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Puig, Margarita (2005). Drug combinations in pain management. Paineurope, 1:4-5

December 22, 2009 | Filed Under: Latest Readings | Comments(0)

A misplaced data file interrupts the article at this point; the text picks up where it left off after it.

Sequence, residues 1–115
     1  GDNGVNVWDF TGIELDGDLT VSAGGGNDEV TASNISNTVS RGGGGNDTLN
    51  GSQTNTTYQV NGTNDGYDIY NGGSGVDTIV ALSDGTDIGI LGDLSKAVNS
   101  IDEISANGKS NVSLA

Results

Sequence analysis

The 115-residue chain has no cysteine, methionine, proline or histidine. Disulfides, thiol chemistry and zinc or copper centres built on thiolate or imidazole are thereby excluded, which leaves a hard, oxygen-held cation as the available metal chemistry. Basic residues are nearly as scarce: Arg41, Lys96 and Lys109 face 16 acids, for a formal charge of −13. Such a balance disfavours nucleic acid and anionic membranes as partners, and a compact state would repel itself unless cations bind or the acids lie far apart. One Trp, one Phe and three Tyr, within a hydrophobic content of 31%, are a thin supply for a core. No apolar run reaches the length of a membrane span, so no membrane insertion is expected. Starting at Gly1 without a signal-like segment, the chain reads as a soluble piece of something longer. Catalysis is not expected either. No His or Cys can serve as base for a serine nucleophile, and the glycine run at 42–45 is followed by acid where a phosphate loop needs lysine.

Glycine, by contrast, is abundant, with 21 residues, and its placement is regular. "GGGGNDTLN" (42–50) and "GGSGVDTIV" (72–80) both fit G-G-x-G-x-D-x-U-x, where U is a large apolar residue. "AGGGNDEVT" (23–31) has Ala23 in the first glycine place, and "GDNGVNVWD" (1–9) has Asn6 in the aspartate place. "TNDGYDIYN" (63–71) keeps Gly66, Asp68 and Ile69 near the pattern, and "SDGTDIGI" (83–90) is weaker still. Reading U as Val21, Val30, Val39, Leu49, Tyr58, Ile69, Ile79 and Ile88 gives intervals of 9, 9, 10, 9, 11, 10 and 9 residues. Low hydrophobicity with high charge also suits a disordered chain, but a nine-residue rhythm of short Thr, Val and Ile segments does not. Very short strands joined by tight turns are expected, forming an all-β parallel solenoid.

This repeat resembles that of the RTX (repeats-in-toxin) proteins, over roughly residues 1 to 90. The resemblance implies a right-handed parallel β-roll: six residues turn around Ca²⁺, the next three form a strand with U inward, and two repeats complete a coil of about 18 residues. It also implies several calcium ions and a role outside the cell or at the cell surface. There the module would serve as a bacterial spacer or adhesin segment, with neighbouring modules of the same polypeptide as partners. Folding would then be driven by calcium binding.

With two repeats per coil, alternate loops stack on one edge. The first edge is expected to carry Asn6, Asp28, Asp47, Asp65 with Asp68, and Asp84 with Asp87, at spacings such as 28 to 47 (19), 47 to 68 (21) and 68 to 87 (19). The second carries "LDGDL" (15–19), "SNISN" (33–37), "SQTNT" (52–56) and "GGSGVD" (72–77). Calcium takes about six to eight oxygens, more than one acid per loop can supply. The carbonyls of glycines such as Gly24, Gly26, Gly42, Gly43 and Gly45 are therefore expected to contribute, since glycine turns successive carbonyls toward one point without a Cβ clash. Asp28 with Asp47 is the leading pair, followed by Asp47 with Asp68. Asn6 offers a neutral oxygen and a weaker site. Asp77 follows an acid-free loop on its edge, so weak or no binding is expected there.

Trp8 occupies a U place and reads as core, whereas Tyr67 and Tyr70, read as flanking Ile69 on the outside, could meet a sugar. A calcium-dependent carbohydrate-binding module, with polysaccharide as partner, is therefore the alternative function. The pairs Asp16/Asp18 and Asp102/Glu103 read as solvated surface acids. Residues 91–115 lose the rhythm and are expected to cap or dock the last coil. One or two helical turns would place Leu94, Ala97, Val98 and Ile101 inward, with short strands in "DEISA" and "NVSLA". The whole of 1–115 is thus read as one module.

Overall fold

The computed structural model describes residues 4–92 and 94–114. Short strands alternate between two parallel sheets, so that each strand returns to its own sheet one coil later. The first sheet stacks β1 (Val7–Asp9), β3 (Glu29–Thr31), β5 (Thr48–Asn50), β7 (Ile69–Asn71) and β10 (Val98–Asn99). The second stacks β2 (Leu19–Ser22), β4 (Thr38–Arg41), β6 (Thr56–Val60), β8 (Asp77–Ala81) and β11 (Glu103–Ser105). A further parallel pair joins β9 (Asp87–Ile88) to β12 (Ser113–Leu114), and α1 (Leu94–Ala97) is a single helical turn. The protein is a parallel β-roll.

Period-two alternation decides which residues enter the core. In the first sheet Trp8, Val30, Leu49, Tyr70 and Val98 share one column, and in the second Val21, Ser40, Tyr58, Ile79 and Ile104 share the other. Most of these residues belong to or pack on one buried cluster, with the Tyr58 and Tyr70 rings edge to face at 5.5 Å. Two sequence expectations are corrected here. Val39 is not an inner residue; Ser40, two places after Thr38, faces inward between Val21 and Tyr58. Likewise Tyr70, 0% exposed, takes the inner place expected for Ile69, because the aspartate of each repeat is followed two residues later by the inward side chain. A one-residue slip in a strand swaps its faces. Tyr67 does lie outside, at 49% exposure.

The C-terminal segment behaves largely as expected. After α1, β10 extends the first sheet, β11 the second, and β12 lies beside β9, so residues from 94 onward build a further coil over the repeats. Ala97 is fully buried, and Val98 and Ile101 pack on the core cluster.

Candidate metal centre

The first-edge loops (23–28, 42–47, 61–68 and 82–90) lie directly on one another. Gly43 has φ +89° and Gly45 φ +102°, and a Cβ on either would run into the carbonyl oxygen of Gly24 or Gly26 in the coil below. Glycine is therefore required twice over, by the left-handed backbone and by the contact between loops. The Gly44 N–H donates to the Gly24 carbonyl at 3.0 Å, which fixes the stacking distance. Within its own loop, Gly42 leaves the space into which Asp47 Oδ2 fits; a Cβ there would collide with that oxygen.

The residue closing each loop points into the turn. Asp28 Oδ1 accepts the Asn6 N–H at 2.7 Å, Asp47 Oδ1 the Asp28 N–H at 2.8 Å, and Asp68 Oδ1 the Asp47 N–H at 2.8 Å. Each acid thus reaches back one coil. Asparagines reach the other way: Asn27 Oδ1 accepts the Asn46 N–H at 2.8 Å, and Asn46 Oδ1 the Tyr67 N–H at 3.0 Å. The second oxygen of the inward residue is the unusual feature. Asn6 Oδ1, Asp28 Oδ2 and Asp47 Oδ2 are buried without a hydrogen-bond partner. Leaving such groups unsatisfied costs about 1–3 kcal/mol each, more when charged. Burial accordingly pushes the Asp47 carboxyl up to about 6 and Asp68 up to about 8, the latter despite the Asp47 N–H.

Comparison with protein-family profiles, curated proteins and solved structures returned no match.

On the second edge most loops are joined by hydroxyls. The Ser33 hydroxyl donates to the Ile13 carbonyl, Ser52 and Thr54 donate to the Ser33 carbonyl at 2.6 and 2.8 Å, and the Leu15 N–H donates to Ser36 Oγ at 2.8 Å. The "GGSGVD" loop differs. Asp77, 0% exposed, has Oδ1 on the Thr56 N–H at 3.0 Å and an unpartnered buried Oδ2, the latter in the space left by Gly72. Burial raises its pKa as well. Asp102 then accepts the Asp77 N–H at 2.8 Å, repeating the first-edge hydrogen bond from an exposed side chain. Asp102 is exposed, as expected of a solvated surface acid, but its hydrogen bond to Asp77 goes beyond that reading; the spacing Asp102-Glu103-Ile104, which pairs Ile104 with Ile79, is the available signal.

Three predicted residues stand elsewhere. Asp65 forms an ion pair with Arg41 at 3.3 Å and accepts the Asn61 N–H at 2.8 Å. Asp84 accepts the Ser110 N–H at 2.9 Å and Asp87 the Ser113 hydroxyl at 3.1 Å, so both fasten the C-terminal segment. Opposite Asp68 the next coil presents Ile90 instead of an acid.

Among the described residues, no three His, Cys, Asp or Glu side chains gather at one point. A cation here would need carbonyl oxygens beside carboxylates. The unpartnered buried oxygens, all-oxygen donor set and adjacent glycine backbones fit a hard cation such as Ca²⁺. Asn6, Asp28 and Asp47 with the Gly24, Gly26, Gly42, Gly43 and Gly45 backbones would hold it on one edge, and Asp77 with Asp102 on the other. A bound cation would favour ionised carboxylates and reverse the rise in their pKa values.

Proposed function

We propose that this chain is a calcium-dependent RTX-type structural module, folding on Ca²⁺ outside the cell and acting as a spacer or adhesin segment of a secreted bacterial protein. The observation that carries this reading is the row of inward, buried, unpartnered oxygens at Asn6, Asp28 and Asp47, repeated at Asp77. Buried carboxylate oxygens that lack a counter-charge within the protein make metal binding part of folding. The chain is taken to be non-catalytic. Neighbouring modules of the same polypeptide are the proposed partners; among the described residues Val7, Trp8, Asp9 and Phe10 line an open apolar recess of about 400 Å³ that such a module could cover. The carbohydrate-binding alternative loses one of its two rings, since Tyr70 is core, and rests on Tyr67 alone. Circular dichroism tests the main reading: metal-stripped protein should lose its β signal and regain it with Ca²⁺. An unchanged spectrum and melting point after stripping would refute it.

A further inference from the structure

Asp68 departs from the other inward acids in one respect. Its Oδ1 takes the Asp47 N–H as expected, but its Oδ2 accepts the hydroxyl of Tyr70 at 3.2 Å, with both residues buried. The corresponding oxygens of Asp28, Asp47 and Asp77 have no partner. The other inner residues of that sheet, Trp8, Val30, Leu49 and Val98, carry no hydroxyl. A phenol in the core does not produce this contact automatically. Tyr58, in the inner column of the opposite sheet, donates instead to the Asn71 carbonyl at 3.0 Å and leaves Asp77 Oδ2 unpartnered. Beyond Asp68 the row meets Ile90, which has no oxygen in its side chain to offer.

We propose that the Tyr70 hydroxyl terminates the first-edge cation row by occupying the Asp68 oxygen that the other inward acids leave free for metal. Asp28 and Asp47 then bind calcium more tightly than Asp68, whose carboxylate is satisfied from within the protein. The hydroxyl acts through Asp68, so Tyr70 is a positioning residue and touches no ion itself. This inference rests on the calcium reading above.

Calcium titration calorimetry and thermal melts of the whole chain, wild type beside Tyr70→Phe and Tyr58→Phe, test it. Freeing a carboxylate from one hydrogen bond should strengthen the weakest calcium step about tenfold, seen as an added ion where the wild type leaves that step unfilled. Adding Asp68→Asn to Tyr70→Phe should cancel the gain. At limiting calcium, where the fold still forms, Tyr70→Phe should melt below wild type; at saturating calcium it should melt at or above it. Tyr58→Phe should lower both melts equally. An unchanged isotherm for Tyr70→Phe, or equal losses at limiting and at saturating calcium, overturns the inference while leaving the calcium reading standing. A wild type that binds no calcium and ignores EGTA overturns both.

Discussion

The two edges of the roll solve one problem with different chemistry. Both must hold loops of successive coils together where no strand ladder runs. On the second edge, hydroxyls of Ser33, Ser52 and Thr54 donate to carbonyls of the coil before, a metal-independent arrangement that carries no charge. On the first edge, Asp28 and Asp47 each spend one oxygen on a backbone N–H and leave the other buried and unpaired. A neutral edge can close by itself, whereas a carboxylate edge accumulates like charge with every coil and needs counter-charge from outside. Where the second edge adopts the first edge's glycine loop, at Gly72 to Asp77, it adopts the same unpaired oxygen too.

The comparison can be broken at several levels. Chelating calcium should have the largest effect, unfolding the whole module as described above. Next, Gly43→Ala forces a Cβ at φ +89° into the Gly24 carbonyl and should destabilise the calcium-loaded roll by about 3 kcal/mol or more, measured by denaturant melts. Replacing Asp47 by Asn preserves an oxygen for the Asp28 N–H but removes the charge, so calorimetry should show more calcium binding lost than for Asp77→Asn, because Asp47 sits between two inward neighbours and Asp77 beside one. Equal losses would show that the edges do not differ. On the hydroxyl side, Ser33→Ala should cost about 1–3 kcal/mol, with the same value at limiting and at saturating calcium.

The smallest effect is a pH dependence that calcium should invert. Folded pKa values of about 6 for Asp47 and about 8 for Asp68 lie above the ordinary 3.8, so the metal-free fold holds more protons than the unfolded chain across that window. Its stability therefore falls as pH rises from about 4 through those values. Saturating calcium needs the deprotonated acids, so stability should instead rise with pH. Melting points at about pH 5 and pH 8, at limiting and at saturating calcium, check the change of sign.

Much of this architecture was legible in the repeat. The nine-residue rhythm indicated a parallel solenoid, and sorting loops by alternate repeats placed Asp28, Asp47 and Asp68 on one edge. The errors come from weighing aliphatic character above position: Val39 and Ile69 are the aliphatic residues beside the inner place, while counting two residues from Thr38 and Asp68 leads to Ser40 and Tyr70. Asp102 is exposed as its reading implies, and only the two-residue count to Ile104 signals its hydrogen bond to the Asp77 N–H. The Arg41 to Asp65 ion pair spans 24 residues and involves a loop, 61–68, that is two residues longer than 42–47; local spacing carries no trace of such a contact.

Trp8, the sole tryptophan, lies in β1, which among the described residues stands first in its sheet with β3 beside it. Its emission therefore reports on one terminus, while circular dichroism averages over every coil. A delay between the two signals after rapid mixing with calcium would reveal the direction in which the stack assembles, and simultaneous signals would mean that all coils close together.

Discusses “multi-modal therapy” – combining 2 or more analgesics with different mechanisms in an effort to improve treatment efficacy while minimizing adverse events. Explains decision logic needed to produce drug interactions with additive, synergistic or antagonistic effects. Shows how isobolograms guide drug interaction decision making. Yet, notes that while in cancer pain, the combination of opioids and NSAIDs “slightly improves analgesia,” in CNCP – the subspecialty pain of interest here – “there are insufficient data demonstrating the advantages of analgesic drug combinations,” because “there are less inflammatory components and the pain mechanism of each case should be investigated to find the correct drug combination.” Dr. Adams Implications: This makes the use of multiple drugs a dead issue in chronic non-cancer pain since, “in chronic musculoskeletal pain… monotherapy is often the rule” and, our CNCP patients with neuropathic pain stated that the addition of “antidepressants, anticonvulsants and other adjuvants” simply complicated treatment by: (1) delaying restoration of function, (2) complicating the management of side effects and (3) creating risk of “paradoxical pain,” where random increases in pain amplitude and frequency have been seen in cancer patients on opioids. Our data clearly show that the more medications that are used, especially at the start of treatment, the greater the risk of “paradoxical pain.”

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